Letter to the Editors of JUX

Letter to the Editor

pp. 106-108http://uxpajournal.org/wp-content/uploads/sites/7/2024/02/JUX_Molich_Feb-2024.pdf>Download full article (PDF).

I appreciate that JUX is publishing papers by promising young UX professionals, such as “Talking About Thinking Aloud: Perspectives from Interactive Think-Aloud Practitioners,” by Liam O’Brien and Stephanie Wilson, in Volume 18, Issue 3, of the Journal of User Experience.

The authors of this article are clear about what they did; for example, they interviewed nine recent-entry UX professionals in one country. The authors also provide many thought-provoking quotes from the nine usability professionals that they interviewed.

But a number of issues in this article trouble me.

Generalization Value

JUX’s call for papers states: “Authors are invited to submit manuscripts addressing various aspects of quantitative and qualitative usability studies that have a strong generalization value to other practitioners working with any human-interactive product.”

The article bases its conclusions on a small convenience sample with just nine UX professionals from the UK. In light of this, I would argue that this paper does not have a “strong generalization value.”

No Interrater Reliability

The interviews and most of the analysis were carried out by the first author only. Interrater reliability is neither discussed nor available. The authors should have addressed this limitation clearly in the abstract, the conclusion, and the section “Limitations.”

Discussion Guide

The article is based on nine interviews. The article mentions a Discussion Guide, but few details are provided. Because a good discussion guide is essential for a valid interview, such details would have provided a better understanding of the validity of the results. Besides, I have not been able to find information about the length of the interviews. Despite several requests to the authors, I have not received the Discussion Guide. The authors should have put the Discussion Guide in an appendix to the article.

What Is ITA?

The distinction between Traditional Think-Aloud (TTA) and Interactive Think-Aloud (ITA) is unclear and seems poorly defined in the article. In TTA, “the moderator silently observes the test session, except for issuing occasional reminders to ‘keep talking,’” whereas in ITA, “the moderator makes interventions while the participant is using the system, such as asking questions.” However, some of the examples of ITA intervention types in Tables 2 and 3 are used by all usability moderators. For example, practical types of intervention in TTA include situations in which a user has misunderstood the task or encounters a technical problem.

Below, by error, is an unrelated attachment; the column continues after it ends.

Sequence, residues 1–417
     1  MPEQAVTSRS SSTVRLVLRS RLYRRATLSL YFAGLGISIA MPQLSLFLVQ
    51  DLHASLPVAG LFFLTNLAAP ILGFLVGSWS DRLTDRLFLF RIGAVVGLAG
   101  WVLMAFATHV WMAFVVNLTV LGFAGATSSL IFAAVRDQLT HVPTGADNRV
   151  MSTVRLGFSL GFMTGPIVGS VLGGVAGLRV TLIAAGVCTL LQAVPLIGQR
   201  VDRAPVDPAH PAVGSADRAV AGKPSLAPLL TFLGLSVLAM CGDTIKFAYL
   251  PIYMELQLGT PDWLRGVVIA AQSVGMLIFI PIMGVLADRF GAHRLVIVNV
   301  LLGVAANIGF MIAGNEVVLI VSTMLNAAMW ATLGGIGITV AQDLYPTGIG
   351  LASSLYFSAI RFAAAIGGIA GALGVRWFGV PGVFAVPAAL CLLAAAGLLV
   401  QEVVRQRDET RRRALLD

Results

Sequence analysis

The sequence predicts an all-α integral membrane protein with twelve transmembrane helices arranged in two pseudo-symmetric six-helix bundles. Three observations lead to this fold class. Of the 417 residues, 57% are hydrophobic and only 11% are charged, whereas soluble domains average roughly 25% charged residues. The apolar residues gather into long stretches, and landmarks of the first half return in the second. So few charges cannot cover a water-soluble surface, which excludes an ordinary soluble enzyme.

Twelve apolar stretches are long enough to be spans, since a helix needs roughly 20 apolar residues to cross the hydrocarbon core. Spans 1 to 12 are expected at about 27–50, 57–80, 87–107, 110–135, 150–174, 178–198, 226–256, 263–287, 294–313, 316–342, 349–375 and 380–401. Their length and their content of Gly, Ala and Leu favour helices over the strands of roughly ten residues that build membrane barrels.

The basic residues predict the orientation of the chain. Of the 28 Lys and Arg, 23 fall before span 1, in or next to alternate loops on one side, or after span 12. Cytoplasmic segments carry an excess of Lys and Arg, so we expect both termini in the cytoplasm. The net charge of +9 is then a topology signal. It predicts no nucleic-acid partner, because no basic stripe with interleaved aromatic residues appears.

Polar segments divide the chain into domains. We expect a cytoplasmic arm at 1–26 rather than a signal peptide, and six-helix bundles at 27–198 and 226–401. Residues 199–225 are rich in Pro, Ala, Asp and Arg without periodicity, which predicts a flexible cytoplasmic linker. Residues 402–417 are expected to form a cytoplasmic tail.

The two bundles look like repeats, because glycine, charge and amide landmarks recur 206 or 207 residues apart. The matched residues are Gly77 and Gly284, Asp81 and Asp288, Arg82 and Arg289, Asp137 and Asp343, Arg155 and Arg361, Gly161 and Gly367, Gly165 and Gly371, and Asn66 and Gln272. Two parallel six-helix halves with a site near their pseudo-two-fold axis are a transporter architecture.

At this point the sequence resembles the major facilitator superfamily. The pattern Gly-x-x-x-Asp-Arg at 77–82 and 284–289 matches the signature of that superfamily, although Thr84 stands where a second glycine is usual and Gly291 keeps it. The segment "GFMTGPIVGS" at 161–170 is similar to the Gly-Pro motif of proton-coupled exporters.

The article quotes Goodman et al.’s (2012) definition of usability tests as “structured interviews focused on specific features in an interface prototype.” I agree that the use of ITA in structured interviews is helpful, but I disagree that a structured interview is a usability test.

We may have a naming issue here. We should not call all interactions in which a user works with a prototype or product a “usability test.” Different types of interactions should be considered different techniques, each with its own name.

The authors should have reported the participants’ views of the key differences between usability testing, semi-structured interviews, and design critiques.

Types of ITA

Table 2 lists 13 “Intervention types: Data usefulness” whereas Table 3 lists 6 “Intervention types: Practical.” Some of these intervention types are always applicable, whereas others may be acceptable if used responsively, and some may distort the results. This distinction is not made in the article.

The authors should have concluded with a discussion of “levels of ITA” and the types of ITA that are appropriate for each method: usability testing, semi-structured interview, and design critique.

Is ITA a Good Way to Do Things?